21 Days of Bitcoin DAY 15: How Bitcoin Incentivizes Clean Energy Production
Bitcoin Incentivizes Clean Energy Production
The number one complaint I hear about bitcoin is that it’s “bad for the environment.” This has caused a lot of FUD (fear, uncertainty, and doubt) about how positive bitcoin really is.
Now, while it’s easy to get caught up in the many biased Bitcoin articles arguing for or against this statement — typically with cherry picked statistics — here’s the reality: Most of us aren’t environmental experts, but I’ll bet that most of us care about the environment. Let’s look at this logically and put things into perspective.
Yes, Bitcoin requires a lot of energy to operate. Yes, some of our energy sources are unclean and bad for the environment. And yes, the Bitcoin network is a “waste” of energy — just like everything that requires energy is a “waste” of energy, depending on your perspective.
To many environmentalists, your modern appliances and big-city living habits are unspeakably hedonistic carbon footprint culprits. To others, energy usage for modern necessities isn’t so distressing. The same goes for Bitcoin: If you think it’s a useless fake internet money with no inherent value, then you’d question why we spend any energy on it at all.
As the numbers continue to change and all energy production leans towards clean, renewable sources, I’ll help paint a general picture for why we shouldn’t be too cynical. Bitcoin should not be scapegoated with “destroying the environment,” and here’s why.
Bitcoin Mining Incentivizes Clean Energy Production
To start, let’s consider this concept: Bitcoin works because every participant in the Bitcoin network is acting selfishly. The network is setup so that as long as we continue to act selfishly, we are also supporting the security and structure of the network as a whole (this was covered previously when we talked about how bitcoin is “unhackable”).
For miners, this means finding the cheapest long-term electricity in order to confirm transactions and receive new bitcoin rewards. It just so happens that clean, renewable energy is the cheapest, most sustainable source of power, while environmentally damaging fossil fuels are the most unsustainable. After all, the sun keeps shining and the winds keep blowing, but coal doesn’t burn unless we throw it in the furnace.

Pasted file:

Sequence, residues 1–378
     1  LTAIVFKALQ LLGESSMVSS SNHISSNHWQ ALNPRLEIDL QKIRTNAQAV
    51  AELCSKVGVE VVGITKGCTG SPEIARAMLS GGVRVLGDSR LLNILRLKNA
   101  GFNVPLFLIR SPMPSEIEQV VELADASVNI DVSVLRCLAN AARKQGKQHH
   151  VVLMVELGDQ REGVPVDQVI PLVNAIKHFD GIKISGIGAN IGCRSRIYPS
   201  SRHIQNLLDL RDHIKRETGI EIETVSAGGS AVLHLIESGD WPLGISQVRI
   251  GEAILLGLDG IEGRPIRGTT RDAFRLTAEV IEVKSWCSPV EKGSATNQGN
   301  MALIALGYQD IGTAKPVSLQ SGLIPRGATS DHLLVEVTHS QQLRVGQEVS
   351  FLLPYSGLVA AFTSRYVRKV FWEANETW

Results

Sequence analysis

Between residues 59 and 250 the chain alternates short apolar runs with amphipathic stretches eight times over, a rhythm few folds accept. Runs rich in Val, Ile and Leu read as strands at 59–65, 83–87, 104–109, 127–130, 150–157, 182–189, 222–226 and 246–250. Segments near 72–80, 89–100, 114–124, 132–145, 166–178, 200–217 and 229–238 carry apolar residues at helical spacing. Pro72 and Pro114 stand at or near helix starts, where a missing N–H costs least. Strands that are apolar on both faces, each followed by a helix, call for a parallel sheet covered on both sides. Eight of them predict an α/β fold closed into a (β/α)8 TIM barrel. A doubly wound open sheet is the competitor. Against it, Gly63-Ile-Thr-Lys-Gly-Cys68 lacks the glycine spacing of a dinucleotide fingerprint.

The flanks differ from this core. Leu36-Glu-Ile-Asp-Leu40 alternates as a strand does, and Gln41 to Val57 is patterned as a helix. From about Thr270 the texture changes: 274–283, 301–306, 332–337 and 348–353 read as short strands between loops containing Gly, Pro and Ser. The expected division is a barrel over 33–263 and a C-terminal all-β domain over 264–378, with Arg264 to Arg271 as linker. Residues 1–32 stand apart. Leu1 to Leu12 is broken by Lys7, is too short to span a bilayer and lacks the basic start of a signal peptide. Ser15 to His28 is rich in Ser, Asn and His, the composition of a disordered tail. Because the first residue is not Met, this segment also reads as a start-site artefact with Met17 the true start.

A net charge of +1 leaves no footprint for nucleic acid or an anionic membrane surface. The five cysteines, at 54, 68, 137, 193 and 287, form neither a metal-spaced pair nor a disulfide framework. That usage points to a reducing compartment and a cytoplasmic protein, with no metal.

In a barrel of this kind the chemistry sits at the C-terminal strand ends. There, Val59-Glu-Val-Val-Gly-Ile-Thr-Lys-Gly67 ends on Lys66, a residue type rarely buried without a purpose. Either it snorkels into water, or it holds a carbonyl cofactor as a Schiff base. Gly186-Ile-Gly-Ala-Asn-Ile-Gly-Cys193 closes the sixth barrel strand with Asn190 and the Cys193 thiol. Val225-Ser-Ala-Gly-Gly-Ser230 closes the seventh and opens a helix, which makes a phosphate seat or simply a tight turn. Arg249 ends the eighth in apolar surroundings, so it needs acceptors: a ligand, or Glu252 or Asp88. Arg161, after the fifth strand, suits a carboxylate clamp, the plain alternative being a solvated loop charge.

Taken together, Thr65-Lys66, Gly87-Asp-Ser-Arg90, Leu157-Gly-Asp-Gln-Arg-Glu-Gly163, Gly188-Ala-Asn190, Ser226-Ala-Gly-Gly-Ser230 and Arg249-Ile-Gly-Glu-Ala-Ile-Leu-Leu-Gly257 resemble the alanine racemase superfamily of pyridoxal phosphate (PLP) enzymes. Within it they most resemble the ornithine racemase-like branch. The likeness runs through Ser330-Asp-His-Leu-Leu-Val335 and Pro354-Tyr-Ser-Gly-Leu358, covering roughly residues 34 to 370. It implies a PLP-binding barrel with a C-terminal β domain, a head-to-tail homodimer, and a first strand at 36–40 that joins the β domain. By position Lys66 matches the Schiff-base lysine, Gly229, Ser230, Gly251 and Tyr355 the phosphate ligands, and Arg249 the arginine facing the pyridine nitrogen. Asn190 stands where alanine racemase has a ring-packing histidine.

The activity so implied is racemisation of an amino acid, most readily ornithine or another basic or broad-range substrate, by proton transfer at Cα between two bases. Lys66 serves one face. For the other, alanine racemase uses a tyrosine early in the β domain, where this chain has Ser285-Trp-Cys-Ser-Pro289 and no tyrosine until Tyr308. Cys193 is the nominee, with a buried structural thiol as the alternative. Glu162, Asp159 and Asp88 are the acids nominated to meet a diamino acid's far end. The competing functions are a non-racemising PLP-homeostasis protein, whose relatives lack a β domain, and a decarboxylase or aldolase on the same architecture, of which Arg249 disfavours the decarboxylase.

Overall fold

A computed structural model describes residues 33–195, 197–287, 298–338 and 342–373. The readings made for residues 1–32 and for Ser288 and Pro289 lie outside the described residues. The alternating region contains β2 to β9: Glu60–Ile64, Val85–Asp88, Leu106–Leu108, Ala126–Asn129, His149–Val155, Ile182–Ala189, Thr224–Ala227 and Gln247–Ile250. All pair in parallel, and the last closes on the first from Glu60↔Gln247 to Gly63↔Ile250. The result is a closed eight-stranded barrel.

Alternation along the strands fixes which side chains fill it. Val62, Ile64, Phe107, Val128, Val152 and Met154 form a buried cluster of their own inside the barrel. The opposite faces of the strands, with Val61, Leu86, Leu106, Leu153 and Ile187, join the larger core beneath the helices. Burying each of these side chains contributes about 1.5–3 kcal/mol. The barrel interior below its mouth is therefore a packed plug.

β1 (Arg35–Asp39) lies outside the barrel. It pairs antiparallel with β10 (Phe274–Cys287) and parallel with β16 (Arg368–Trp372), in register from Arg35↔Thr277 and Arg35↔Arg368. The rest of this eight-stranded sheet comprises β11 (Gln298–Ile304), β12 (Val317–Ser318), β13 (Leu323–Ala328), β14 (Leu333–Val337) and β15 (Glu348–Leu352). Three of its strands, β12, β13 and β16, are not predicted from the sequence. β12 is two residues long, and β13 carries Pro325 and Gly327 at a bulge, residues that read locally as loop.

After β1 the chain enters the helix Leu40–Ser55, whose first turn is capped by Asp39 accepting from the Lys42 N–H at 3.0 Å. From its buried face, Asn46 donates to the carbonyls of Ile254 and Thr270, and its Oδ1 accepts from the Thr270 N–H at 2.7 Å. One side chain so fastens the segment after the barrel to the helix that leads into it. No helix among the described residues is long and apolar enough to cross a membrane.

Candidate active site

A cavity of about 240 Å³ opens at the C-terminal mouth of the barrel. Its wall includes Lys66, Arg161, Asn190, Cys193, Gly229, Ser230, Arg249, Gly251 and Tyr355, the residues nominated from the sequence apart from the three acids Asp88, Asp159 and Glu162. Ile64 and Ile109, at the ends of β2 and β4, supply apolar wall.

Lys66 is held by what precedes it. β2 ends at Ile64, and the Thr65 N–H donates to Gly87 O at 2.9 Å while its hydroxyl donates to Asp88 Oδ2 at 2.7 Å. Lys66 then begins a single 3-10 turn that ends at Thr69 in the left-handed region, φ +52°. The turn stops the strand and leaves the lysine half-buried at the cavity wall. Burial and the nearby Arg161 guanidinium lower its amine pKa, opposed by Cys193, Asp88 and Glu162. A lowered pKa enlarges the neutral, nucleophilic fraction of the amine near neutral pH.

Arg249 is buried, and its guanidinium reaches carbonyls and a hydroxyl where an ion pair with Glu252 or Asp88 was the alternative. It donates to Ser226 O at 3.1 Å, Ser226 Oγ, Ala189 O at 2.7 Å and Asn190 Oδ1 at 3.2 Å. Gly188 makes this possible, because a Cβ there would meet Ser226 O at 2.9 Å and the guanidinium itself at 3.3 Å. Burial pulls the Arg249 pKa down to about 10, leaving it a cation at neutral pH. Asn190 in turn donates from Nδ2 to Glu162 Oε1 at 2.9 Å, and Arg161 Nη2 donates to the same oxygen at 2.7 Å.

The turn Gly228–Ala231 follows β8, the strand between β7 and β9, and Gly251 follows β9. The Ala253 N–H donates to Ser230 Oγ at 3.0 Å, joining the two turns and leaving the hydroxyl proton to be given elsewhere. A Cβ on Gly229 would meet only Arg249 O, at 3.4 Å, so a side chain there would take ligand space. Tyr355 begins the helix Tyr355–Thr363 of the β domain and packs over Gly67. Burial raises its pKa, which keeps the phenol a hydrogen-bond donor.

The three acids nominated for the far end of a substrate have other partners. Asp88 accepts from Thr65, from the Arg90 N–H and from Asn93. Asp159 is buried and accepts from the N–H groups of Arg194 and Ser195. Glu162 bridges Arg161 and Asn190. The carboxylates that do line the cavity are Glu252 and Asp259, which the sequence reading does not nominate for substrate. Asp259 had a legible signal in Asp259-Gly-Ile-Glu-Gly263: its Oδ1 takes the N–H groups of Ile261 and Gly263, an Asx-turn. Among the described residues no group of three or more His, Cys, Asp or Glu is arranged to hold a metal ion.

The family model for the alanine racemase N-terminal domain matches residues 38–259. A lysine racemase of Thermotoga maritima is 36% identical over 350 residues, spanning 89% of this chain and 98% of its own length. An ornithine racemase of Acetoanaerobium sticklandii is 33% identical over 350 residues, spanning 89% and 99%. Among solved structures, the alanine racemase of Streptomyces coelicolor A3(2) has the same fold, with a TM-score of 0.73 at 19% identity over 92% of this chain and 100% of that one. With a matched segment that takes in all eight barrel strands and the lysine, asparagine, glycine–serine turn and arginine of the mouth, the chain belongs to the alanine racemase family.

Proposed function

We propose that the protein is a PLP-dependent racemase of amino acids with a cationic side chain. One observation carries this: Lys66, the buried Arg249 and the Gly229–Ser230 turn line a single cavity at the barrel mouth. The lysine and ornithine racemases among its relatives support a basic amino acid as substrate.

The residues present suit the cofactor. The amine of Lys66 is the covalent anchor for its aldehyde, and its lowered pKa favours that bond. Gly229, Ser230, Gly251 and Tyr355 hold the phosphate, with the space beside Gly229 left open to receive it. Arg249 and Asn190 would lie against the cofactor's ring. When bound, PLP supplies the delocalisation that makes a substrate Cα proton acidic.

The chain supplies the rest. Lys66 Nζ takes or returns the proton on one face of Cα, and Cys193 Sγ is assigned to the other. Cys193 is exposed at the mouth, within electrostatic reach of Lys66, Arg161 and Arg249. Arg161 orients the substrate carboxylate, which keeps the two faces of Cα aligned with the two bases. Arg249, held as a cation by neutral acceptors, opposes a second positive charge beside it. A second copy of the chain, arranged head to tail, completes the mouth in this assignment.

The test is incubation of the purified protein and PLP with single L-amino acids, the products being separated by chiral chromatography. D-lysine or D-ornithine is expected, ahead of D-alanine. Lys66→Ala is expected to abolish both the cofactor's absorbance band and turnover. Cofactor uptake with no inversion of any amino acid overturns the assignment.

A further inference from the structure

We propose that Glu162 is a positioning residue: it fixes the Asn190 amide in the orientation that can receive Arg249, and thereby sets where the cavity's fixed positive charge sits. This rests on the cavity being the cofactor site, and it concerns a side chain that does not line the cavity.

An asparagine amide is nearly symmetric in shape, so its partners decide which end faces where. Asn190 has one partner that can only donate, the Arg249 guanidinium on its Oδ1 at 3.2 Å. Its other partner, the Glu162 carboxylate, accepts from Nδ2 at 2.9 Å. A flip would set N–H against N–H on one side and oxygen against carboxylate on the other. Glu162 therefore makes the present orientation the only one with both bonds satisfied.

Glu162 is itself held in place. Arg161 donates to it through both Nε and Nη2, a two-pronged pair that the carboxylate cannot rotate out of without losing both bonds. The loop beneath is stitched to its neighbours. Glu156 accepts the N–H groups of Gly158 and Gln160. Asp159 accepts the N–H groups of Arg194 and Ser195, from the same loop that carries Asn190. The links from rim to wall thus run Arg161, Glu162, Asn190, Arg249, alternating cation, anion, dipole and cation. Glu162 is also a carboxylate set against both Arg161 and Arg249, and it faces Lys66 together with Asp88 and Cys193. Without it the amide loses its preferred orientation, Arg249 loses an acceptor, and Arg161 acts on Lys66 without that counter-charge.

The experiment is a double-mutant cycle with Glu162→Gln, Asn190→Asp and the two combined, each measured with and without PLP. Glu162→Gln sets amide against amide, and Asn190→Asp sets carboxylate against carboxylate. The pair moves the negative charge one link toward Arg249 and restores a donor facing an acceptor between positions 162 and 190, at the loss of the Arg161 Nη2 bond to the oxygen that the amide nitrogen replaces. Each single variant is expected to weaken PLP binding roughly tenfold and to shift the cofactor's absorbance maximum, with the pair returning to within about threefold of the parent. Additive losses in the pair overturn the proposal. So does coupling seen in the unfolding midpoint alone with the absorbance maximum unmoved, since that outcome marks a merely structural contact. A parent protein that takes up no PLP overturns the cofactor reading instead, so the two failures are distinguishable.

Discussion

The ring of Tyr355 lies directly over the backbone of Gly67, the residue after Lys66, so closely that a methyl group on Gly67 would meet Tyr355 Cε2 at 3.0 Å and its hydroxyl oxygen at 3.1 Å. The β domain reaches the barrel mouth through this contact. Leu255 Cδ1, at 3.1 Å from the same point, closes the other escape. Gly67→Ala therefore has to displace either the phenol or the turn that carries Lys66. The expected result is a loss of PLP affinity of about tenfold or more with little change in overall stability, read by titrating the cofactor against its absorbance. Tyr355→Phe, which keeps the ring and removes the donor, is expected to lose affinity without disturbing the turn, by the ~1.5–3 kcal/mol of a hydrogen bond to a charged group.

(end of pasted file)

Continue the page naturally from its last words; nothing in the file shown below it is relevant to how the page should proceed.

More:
As such, bitcoin mining incentivizes a transition toward a 100% renewable, clean energy future.
Unfortunately, we currently don’t have the technology to store or transport clean power very well. This makes it so that tons of clean energy is curtailed and gone to waste, simply because we don’t have the ability to use it efficiently.
Here’s how bitcoin mining efficiently uses this wasted power.
Excess Regional Power
Take a look at the hydropower situation in Sichuan, China. When bitcoin mining was banned in China in early 2021, Sichuan was a lagging enforcer, allowing miners until September to withdraw from the province. This is due to the fact that in the summer, Sichuan has ample natural hydropower, but no means to utilize or store the excess energy produced. As much as three times the amount of normal power is produced during the summer, but power usage from ACs only increases by 30%. Thus, bitcoin mining uniquely allows Sichuan to not waste excess energy.
While unfortunate that mining has been banned in China now, similar circumstances play out worldwide where excess clean power is produced.
How Bitcoin Uses Energy
Contrary to popular belief, bitcoin transactions are not directly proportional to energy usage. In fact, it’s flawed to claim that bitcoin has a “per-transaction energy usage” at all. Transactions are batched into blocks at limited quantities due to the block size, and more transactions per block doesn’t mean more energy usage.
Lyn Alden proposes a great analogy: Imagine bitcoin block confirmations like running your dishwasher. No matter if your dishwasher is half full or completely full, it takes the same amount of water and energy to run every night. The same goes for bitcoin.
Your single transaction doesn’t marginally affect bitcoin’s energy usage, so you shouldn’t be guilted into not making a transaction just because a misinformed journalist told you your single bitcoin transaction could have powered 24 days of your household electricity.
Rather, a bulk of bitcoin’s energy usage comes from miners using proof of work to earn block rewards. Though it may seem like a “waste of energy” that so many miners spend so much energy just for only one miner to “win” a block, it ensures the security of the Bitcoin network, and I’d say that warrants bitcoin’s energy usage a place in this world — well, at least as much as your Christmas lights do.
On a mission to figure out what is up with all the bitcoin energy FUD? Tweet your concerns and questions with #21DaysofBitcoin
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